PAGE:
Think about that.  You may even need to stop and have a strong drink at this point.  (Well, I meant a two-bag peppermint tea, but please yourself.)  Christ, we are told in verse 15, is the image of the invisible God": "image" in Greek is "eikon" from which we get our word "icon" in its original religious sense.  And what an image it is as we watch the scope widen from verse to verse!  "Christ in all and all in Christ" is not a slogan for your next bumper sticker: it is a simple statement of an extraordinary fact.

And so we come to the third image of the divine we have today – outwardly a man sitting on a sofa in a private residence somewhere in Galilee – an image with which most of us are probably more familiar and therefore more comfortable.  But is it any less astonishing than the other two – than three visitors near the oaks of Mamre or the cosmic Christ in whom the fullness of God and the whole of creation is embodied?  That's who Martha and Mary are hosting in this little cameo from St Luke today.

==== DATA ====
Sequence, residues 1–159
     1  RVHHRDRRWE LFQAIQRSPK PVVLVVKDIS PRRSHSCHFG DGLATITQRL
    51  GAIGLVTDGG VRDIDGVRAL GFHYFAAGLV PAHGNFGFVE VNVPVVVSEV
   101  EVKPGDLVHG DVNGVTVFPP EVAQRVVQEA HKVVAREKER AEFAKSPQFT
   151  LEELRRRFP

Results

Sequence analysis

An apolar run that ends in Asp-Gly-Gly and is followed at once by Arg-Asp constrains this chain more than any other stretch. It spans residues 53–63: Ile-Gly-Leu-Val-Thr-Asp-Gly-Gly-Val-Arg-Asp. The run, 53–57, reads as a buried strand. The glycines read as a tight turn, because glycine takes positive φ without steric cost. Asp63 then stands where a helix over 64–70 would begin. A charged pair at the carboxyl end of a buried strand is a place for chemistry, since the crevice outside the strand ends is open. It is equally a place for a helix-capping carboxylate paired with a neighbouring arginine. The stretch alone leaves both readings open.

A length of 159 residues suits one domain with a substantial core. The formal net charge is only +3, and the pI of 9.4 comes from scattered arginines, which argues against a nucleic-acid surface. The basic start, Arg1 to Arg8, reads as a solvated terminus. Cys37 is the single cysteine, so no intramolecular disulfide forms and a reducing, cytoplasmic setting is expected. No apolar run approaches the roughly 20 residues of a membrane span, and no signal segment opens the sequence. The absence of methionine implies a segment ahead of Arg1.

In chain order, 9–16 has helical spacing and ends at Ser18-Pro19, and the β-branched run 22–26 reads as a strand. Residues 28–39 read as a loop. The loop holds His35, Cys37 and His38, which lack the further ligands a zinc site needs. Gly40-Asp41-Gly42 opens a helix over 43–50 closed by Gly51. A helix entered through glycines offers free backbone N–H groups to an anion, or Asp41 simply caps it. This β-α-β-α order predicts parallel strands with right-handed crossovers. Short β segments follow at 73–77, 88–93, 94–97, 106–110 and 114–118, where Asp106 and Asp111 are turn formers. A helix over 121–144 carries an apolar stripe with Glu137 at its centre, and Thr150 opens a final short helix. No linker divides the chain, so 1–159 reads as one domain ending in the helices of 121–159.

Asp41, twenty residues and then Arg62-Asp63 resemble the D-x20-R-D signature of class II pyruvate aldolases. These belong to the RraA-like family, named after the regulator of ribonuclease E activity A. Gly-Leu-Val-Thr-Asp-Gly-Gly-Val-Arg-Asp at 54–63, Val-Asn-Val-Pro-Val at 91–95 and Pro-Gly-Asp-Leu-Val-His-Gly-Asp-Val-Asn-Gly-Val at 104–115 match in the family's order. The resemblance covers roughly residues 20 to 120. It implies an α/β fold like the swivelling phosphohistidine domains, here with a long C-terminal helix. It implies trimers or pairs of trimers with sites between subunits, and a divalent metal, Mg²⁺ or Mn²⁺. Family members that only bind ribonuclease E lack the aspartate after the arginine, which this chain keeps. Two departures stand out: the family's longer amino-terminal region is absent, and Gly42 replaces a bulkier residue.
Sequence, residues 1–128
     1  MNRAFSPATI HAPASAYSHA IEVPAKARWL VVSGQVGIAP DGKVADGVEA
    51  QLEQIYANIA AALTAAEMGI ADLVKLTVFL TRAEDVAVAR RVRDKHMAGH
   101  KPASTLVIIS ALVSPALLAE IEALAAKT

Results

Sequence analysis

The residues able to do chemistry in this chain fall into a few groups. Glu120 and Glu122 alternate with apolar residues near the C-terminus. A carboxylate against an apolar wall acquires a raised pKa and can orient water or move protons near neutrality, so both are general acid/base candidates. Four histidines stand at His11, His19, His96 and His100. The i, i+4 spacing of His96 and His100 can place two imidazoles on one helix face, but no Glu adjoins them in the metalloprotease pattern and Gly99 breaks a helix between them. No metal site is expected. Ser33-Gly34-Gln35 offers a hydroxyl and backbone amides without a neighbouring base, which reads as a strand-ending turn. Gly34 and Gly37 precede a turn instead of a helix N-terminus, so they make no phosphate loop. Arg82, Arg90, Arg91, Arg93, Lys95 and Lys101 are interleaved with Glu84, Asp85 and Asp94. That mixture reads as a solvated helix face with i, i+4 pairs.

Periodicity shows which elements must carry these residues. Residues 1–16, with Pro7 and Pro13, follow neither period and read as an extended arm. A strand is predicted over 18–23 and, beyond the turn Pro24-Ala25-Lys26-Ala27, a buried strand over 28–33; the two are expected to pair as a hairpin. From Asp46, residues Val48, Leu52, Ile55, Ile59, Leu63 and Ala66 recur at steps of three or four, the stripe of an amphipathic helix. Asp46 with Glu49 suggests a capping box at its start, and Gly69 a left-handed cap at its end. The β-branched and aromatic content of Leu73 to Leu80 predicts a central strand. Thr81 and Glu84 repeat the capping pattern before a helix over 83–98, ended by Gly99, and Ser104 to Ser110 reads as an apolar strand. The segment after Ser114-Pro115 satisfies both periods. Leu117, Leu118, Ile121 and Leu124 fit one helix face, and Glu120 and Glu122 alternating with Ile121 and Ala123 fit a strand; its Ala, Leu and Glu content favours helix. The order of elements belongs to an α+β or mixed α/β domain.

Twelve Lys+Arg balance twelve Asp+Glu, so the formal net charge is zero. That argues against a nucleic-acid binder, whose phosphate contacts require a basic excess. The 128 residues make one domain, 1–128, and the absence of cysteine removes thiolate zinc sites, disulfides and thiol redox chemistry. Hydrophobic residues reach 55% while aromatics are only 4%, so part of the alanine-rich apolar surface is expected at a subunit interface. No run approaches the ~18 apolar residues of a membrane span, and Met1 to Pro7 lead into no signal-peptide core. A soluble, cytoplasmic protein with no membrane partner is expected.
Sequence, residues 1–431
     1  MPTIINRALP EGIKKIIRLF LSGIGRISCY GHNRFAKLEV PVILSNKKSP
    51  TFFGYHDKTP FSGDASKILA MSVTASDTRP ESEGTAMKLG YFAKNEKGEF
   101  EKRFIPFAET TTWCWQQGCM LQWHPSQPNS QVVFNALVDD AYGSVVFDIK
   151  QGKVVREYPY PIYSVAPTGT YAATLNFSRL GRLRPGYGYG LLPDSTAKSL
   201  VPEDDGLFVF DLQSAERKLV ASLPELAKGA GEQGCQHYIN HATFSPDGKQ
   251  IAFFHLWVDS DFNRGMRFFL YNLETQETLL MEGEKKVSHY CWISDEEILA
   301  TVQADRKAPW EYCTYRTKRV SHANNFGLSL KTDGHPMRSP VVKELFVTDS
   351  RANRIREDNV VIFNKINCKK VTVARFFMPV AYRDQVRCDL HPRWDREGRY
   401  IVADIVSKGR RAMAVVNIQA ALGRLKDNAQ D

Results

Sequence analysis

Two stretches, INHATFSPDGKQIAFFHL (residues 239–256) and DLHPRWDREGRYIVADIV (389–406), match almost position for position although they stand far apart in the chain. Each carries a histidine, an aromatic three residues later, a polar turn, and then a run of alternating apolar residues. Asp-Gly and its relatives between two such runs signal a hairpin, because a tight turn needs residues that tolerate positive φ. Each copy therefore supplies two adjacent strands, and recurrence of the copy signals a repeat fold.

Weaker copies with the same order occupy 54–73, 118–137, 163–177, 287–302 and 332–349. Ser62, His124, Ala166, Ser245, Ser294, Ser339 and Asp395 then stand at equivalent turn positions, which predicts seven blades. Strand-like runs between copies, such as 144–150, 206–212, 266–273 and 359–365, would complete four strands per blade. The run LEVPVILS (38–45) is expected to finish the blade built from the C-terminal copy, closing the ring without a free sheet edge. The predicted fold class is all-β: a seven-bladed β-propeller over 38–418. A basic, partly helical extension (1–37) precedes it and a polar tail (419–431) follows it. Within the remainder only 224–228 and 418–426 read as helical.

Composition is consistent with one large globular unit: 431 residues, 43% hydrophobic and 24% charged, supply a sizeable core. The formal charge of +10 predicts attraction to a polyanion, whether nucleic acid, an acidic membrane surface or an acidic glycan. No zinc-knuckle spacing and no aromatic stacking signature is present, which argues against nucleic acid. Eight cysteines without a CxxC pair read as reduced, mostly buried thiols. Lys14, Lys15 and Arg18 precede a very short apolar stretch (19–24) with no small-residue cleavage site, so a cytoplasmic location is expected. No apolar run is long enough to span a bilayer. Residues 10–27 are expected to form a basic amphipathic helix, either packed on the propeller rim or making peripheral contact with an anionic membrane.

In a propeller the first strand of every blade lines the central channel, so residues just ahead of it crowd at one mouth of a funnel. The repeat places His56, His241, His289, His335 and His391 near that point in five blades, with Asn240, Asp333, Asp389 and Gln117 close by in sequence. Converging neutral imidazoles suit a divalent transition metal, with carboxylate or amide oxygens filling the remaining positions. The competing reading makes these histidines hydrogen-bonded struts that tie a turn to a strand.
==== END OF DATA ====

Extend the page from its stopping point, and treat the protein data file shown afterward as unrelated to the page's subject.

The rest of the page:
Genesis.  By way of background it may be worth refreshing your memory of a previous mystical experience (or succession of experiences) Abraham had, as recorded in Genesis 15.  There the voice of the Lord appeared to Abraham in a vision; and the extraordinary "covenantal experience" occurred after Abraham had fallen into a deep sleep and "a deep and terrifying darkness".  Here the setting seems to be quite ordinary: Abraham is sitting in his tent sheltering from the heat of the day.  And the whole experience has a different feel to it – it is much more interactive.  In chapter 15 Abraham is allowed to express his doubts and frustrations about his lack of an heir, but after that he becomes the passive recipient of the divine activity.  In today's passage Abraham seems to be dealing with the Lord face to face, almost (dare I say it) as equals.  God meets him, we should note, in Abraham's cultural practices: hospitality to the travelling stranger is of vital importance in the desert lands.  But there is one great idea in common between these two passages.  God is the God of Promise, and therefore the God of the future, even though we can only encounter God in the present.  Teilhard de Chardin calls God the "One Ahead" rather than the "One Above".  Faith is, in some ways, the willingness to take God's promises as trustworthy and act accordingly: the somewhat tedious chapter 11 of the Letter to the Hebrews makes this case at length.